top of page
  • Writer's pictureWilliam Malpass

Thomas, Without a Doubt

What do you think about "doubting Thomas" as a nickname? A doubting Thomas is a skeptic—someone who wants to see the evidence for themselves. The origin of this expression comes from an account recorded in the Gospel of John. (Click on the underlined link to see the account firsthand.) After Jesus had died on the cross, was buried, and arose from the tomb the third day, He began making a series of appearances in His resurrected body. On one occasion, the Apostle Thomas wasn't in the locked room when the resurrected Christ suddenly appeared to the other apostles. (Although the Bible doesn't say, I imagine the other apostles sent Thomas for some snacks. And maybe a deck of cards or some comic books to help pass the time while they were hiding out from the Jewish and Roman authorities.)

When Thomas got back and found out, he simply refused to believe the others' report of Christ's appearance. Maybe he thought, "it must've been a vision, a mass hallucination, or something like that. Besides, the door was locked! How could Jesus get into the room? It's not like He could momentarily step into another dimension and pass right through the wall! After all, everybody knows there are only three dimensions—four if you count time as a dimension."

(Please note: This happened before the Apostle Paul wrote his letter to the Ephesians, in which he inadvertently let it slip out there are more than three space dimensions. Go ahead, doubting Thomas. Click the underlined link if you think I'm making this up.)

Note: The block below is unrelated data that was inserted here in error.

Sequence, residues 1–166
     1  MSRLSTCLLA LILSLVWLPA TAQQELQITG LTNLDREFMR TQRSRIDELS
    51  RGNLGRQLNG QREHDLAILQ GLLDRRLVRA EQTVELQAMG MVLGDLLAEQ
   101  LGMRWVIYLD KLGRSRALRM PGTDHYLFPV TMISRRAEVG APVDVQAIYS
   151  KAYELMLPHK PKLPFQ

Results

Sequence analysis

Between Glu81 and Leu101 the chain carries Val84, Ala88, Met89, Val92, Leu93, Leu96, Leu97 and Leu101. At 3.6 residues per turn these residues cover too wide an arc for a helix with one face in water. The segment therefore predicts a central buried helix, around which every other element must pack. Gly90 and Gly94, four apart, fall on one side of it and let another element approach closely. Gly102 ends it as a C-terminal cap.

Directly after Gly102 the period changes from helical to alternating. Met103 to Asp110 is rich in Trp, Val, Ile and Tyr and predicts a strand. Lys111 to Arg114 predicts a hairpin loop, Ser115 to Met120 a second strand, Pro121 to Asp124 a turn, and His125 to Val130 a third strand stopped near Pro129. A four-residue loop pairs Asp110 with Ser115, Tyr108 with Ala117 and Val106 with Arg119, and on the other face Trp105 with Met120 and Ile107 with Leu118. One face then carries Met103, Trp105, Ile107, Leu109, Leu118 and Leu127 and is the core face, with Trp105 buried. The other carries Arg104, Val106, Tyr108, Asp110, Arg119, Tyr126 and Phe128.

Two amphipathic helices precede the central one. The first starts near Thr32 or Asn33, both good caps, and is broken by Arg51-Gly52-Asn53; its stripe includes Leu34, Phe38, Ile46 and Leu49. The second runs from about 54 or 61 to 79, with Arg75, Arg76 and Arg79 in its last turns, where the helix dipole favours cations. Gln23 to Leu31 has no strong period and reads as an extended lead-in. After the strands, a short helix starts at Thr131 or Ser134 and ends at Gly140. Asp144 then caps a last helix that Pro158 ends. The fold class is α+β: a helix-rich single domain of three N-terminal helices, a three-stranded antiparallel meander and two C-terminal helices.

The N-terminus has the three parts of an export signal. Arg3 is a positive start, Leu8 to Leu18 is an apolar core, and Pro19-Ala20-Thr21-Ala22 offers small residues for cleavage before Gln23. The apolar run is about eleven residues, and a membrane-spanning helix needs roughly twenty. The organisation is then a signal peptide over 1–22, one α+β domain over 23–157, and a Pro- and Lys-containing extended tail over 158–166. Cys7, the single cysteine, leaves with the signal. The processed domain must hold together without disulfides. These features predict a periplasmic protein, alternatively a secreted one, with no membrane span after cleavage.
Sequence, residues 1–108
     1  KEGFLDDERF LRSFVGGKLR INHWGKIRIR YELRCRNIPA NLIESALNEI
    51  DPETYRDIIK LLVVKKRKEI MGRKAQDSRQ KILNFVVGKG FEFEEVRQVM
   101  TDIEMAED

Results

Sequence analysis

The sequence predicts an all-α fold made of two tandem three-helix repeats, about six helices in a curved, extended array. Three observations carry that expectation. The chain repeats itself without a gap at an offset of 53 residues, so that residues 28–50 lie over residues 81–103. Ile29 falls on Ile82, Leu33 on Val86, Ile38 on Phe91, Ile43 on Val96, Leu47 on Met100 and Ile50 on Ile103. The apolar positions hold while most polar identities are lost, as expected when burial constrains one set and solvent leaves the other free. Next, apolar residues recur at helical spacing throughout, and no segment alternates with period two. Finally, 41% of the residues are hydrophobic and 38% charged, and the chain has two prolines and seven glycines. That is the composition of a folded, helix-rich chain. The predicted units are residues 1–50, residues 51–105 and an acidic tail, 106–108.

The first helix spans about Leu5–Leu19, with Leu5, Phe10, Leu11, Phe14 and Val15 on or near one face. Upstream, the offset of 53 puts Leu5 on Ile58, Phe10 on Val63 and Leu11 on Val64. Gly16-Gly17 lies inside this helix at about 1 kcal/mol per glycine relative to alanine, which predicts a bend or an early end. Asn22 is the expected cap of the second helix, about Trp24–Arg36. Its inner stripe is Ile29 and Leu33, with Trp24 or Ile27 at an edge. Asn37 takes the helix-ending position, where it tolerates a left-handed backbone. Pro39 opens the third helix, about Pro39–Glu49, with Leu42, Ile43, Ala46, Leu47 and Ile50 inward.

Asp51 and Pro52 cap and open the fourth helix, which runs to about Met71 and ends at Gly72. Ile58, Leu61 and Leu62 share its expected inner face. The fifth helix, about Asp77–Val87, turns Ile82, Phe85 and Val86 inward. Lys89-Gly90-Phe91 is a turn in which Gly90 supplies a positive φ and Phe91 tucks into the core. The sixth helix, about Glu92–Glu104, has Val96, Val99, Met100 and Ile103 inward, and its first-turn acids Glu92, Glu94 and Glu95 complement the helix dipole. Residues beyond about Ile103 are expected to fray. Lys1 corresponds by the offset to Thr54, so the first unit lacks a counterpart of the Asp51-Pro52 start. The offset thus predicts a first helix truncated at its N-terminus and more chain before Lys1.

"Okay, I believe it now, Lord. That's where the Roman soldier pierced You with his spear."

Well the rest of Thomas' story happened a week later, when the resurrected Jesus appeared again in the locked room, and this time Thomas was there. (I think maybe the others started sending a different apostle, Simon the Zealot for snacks, because "The Z-Man" always brought back Hot Cheetos®. It's just a guess.) Jesus let Thomas closely examine the holes in His hands and the piercing in his side from the Roman soldier's spear. And without a doubt, Thomas was convinced!

Then Jesus used the opportunity to pass along a word of encouragement to all of us who were not able to be in that locked room that day. As recorded in John 20:29, He said "Blessed are those who have not seen and yet have believed."

Do you believe the crucified, buried, and resurrected Jesus Christ appeared in that locked room? If so, you probably already understand the blessing Jesus was describing.

But Dear Reader, even if you don't believe in a crucified, buried, and resurrected Jesus Christ, I hope you'll always feel THE MAIN THING is a fun, welcoming place for you to visit. I sincerely look forward to our brain-bending discussions about the nature of reality. So please come on back soon. Who knows? Maybe next time we'll serve virtual Hot Cheetos®.

(The painting shown is The Incredulity of Saint Thomas, by Michelangelo Merisi da Caravaggio.)

2 views0 comments

Recent Posts

See All
bottom of page